Marxist humanism

The English and French Wikipedia articles on “Marxist Humanist” state that the Frankfurt School (Herbert Marcuse, Walter Benjamin, Erich Fromm), and people related to it like André Gorz, belonged to this school of thought.

Really? I mean, to me, these people are quite anti-science, with their promotion of pseudo-scientific psychoanalysis, existentialism, and a harsh criticism of the industrial society. Walter Benjamin was a mystic, a romantic, an idealist: what is the relation with humanism? :face_with_raised_eyebrow:

Reading the book of Lamont The philosophy of humanism (1997), where he states (p. 29):

Finally, we find in the category of naturalistic Humanists the followers of Karl Marx, who call themselves variously Marxists, Communists, or Socialists. On economic, political, and social issues the Marxist Humanists are of course much to the left of the other types of Humanists I have described. Ordinarily they use the formidable phrase Dialectical Materialism to designate their philosophy, though they often talk in a general way about the Humanist civilization of Soviet Russia and of the socialist world. The Marxist materialists disagree sharply on certain philosophic issues with me and with other Humanists, particularly in their ambiguous attitude toward democracy and their acceptance of determinism.
They are, however, unquestionably humanistic in their major tenets of
_rejecting the supernatural and all religious authority,
_of setting up the welfare of humankind in this life as the supreme goal,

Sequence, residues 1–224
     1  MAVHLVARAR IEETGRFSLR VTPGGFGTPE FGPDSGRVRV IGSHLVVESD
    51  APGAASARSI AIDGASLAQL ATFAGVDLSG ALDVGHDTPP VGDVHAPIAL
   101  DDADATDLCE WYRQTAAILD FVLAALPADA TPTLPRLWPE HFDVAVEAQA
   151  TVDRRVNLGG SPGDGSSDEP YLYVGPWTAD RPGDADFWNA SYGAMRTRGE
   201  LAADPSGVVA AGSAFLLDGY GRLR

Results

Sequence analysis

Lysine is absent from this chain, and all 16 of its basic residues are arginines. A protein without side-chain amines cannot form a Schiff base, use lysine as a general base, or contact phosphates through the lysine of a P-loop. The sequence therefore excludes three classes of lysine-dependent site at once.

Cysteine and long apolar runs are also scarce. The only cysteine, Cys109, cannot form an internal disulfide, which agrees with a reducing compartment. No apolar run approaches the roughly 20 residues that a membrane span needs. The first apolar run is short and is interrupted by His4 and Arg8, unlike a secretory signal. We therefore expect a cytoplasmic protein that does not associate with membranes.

_and of relying on science and its techniques

So I feel quite confused. :expressionless:

One of the basic tenet of humanism is that men are ends and not means, are not objects or tools

Another tenet of humanism is the idea of equality of men, beyond everything which separate them !!! all are men without any hierarchy

Marxists share these tenets.

Now Marx was complex and his thoughts have changed during his life.

Young Marx thought that under capitalism men are alienated, reified. Later he played down these ideas. Frankfurt school worked from this basis and has rejected Leninism.

[Frankfurt School - Wikipedia]

The fact the marxism can be a humanism does not surprise me so much.
I know many “traditional” socialists get nuts about the New Left and its irrationality and anti-universality…

But the fact that the Frankfurt School can, is very surprising to me. This school has produced many anti-science books such as The Eclipse of Reason, and the Dialectic of Enlightenment.
André Gorz was personally closed to the Frankfurt School, he was an existentialist and a phenomenologist: not a paramount of Reason and science in my view.

I’m more of a Democratic Socialist than I am a Democrat, so I can see how Marxism and humanism can go together.

Hi mriana. As a humanist, and though I am in favor of free-market economy, I noticed I prefer debating with “traditional” socialists than with liberal conservatives, although I would normally share with them many common conceptions (small government, bourgeois ethics, entrepreneurship, economy over politics, etc.). Debating with liberal conservatives and irrational anarcho-capitalists (I am not an anarcho-capitalists, I believe in the importance of the state and authority) was one of the most frustrating thing I endured in recent years.